SPCA Tampa Bay partners with breeder, sparking animal advocate outrage
SPCA Tampa Bay is challenging the "adopt don't shop" philosophy of pet rescue organizations.
Driving the news: The Largo-based nonprofit is facing backlash from local shelters and animal advocacy organizations after announcing its pilot partnership in early October with a dog breeding broker and Sunshine Puppies pet stores.
Why it matters: Animal advocates see the partnership as an endorsement of sale puppies — a betrayal of shelter animals that are often a harder sell and can end up there after being bred for retail.
Yes, but: Despite the criticism, SPCA Tampa Bay is standing firm. The organization said its mission is to prioritize animal welfare for the community, whether animals pass through the shelter or not. The organization launched a survey Wednesday to collect feedback.
Between the lines: The partnership comes after a proposed state law to ban retail sale of dogs and cats failed this year.
- Last year, Pinellas County banned new retail pet stores from opening, but six existing stores still sell puppies. Those stores sell thousands of dogs each year, SPCA Tampa Bay said in its announcement.
How it works: Through the partnership with Pinnacle Pet, a Missouri-based breeding broker, SPCA is taking in retired breeding dogs to be adopted. Twenty have found new homes since May.
- SPCA is also providing veterinary services to Sunshine Puppies stores in Clearwater and Largo until dogs are sold.
What they're saying: "If pet stores are going to continue selling puppies in Pinellas County, we want to have some influence on the care of those puppies after they get to our community," the organization said in its announcement.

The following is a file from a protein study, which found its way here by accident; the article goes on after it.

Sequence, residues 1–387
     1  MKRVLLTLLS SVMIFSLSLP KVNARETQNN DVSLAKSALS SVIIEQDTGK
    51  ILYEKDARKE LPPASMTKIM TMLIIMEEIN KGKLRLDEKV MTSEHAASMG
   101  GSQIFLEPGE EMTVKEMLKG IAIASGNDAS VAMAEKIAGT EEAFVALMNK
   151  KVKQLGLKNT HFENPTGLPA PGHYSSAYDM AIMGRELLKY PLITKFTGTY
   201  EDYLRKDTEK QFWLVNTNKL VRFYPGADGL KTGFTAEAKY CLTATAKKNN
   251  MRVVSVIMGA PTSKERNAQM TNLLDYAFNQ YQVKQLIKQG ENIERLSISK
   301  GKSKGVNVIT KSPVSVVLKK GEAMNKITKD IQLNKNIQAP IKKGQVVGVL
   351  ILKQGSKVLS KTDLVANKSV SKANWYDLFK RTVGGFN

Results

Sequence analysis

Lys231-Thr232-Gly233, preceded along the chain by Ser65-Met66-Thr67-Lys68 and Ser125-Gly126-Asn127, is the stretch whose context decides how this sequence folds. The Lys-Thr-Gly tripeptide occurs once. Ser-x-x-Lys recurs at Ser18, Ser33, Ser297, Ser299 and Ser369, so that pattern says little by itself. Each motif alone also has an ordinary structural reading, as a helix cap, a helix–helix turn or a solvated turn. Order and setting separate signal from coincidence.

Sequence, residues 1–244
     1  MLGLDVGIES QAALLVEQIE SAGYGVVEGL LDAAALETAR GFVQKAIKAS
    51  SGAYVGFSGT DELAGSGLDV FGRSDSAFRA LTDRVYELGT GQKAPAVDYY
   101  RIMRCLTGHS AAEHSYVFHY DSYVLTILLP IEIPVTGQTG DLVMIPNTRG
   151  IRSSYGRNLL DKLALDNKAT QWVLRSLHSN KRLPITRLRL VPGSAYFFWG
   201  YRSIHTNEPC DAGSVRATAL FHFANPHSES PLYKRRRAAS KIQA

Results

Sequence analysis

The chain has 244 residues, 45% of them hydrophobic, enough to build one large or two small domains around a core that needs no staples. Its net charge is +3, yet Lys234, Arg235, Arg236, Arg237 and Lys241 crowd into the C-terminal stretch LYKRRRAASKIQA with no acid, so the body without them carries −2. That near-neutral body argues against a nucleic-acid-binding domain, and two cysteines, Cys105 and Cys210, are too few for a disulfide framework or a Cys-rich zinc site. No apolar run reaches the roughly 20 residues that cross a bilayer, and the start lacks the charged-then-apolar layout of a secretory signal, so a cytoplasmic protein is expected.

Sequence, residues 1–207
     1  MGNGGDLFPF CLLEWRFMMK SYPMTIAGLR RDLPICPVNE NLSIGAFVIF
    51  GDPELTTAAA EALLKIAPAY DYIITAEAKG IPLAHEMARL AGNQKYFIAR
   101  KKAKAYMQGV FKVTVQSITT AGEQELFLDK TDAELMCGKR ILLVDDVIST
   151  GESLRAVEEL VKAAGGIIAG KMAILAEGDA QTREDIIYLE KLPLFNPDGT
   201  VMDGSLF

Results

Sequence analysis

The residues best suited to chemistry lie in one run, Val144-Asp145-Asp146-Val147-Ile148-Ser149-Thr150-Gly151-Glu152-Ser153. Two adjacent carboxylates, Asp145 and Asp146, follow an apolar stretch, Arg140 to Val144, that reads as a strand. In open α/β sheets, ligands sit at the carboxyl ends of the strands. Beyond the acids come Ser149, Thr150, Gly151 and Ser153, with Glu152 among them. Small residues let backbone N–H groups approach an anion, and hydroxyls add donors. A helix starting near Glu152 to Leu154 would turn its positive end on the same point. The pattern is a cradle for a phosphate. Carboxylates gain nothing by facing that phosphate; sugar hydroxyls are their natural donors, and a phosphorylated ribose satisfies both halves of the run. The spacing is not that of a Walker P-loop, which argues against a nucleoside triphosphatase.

- Pinnacle Pet CEO Chris Fleming told ABC Action News that neither his company nor SPCA Tampa Bay will profit from the program and that it will combat puppy mills, not support them.
- "That's just not true of the folks that we're working with," Fleming told the station."It's not the ugly abuse and, you know, solicitation of animals."
The other side: Florida Voices for Animals vice president Kimberly Gronemeyer, told ABC Action News the partnership is a "major backstab... I think every animal advocate in the area was appalled."
The program has been denounced by The Humane Society and its Tampa Bay chapter, who said they'd rather keep pushing for legislation against puppy sales instead of supporting the industry.
- PETA launched a campaign Wednesday telling supporters to demand SPCA Tampa Bay stop the program.
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